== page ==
France

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See also: france

English[edit]

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Wikipedia

Map showing the location of France (in red).

Alternative forms[edit]

Etymology[edit]

From French France, Old French France, Latin Francia, from Francī, the name of a Germanic tribe. Etymology of Francī itself is uncertain, but of Proto-Germanic origin, possibly related to Sanskrit firang (foreign).[1] Compare Frank.

Pronunciation[edit]

Proper noun[edit]

France (plural Frances)

  1. A country in Western Europe which borders Belgium, Luxembourg, Germany, Switzerland, Italy, Monaco, Andorra and Spain, is a member state of the European Union, and has a population of 62 million inhabitants. Official name: French Republic (République française).
    • 1998, Shanny Peer, France on Display: Peasants, Provincials, and Folklore (ISBN 0791437108), page 2:
      Although scholars have offered different chronologies and causalities for the move toward modernity, most have resolved the paradox of the two Frances by placing them in sequence: "diverse France gave way over time as modern centralized France gathered force."
    • 2012 April 23, Angelique Chrisafis, “François Hollande on top but far right scores record result in French election”, the Guardian:
      Hollande told cheering supporters in his rural fiefdom of Corrèze in south-west France that he was best-placed to lead France towards change, saying the vote marked a "rejection" of Sarkozy and a "sanction" against his five years in office.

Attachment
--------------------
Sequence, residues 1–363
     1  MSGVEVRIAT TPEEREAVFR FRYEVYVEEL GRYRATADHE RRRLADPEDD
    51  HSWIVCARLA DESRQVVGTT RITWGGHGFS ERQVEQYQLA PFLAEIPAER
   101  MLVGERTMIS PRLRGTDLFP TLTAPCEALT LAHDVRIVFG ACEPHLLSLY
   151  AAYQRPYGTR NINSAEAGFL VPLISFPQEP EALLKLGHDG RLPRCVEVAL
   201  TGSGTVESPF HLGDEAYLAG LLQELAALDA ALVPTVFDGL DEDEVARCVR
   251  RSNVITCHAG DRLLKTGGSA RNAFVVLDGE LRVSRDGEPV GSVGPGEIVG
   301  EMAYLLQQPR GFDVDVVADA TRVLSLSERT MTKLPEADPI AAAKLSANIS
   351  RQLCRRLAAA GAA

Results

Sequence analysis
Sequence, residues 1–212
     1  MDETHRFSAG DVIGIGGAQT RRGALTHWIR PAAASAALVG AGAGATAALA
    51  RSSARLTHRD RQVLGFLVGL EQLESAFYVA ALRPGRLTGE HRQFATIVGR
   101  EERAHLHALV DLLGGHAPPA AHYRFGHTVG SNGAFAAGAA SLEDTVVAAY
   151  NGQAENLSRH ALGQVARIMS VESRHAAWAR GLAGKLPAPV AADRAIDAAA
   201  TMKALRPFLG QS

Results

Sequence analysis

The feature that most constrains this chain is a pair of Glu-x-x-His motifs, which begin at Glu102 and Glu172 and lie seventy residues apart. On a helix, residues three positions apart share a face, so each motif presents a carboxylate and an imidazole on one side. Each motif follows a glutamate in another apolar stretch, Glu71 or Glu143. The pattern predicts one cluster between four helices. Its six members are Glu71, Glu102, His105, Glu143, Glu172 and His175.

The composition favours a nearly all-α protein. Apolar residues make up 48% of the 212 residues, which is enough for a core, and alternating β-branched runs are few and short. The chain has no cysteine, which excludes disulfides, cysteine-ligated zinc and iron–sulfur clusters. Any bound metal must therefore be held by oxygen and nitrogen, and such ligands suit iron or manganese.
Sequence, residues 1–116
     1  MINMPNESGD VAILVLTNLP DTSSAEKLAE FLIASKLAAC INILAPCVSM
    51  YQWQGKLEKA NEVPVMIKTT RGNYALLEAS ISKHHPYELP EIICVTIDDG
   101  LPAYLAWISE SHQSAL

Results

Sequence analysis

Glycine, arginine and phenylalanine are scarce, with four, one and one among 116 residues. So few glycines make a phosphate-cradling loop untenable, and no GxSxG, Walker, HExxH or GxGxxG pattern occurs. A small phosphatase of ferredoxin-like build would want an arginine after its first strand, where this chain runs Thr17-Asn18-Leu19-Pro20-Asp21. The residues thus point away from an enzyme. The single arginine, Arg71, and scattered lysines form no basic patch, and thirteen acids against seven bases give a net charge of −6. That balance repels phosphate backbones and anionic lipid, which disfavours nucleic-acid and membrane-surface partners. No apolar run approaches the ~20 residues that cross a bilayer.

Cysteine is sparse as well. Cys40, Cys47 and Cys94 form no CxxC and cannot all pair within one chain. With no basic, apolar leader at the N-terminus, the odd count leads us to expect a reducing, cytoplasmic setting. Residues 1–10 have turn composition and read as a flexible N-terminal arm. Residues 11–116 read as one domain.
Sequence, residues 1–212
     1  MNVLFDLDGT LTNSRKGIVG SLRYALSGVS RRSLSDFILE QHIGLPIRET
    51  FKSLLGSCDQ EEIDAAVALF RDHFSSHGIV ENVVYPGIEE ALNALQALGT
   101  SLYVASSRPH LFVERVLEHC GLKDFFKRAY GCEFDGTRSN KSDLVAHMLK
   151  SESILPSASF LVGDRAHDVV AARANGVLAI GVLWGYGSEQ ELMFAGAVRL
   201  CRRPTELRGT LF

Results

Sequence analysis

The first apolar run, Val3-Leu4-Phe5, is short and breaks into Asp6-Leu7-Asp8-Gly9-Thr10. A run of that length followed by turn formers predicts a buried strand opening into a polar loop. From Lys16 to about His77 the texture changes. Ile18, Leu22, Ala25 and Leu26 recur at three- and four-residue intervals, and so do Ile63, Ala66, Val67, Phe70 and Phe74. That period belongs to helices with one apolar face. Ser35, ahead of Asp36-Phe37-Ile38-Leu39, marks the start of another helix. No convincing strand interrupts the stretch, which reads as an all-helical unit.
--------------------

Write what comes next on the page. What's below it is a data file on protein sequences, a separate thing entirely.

2. A French surname​.
    Anatole France, a French poet, journalist, and novelist

Related terms[edit]

Translations[edit]

See also[edit]

References[edit]

  1. ^ A. C. Murray, From Roman to Merovingian Gaul: A Reader. Broadview Press Ltd, 2000. p. 1.

Statistics[edit]


French[edit]

Pronunciation[edit]

Etymology[edit]

From Old French France, from Late Latin Francia, from Francī, the name of a Germanic tribe.

Proper noun[edit]

France f

  1. France (country)
  2. A female given name
  3. A French surname​.

Related terms[edit]

Derived terms[edit]

Anagrams[edit]


Jèrriais[edit]

Etymology[edit]

From Old French France, from Late Latin Francia, from Francī, the name of a Germanic tribe.

Pronunciation[edit]

Proper noun[edit]

France f

  1. France

Middle French[edit]

Proper noun[edit]

France f

  1. France (country of the Europe)

Old French[edit]

Etymology[edit]

From Latin Francia, from Francī, the name of a Germanic tribe.

Pronunciation[edit]

Proper noun[edit]

France f (nominative singular France)

  1. France (country)

Related terms[edit]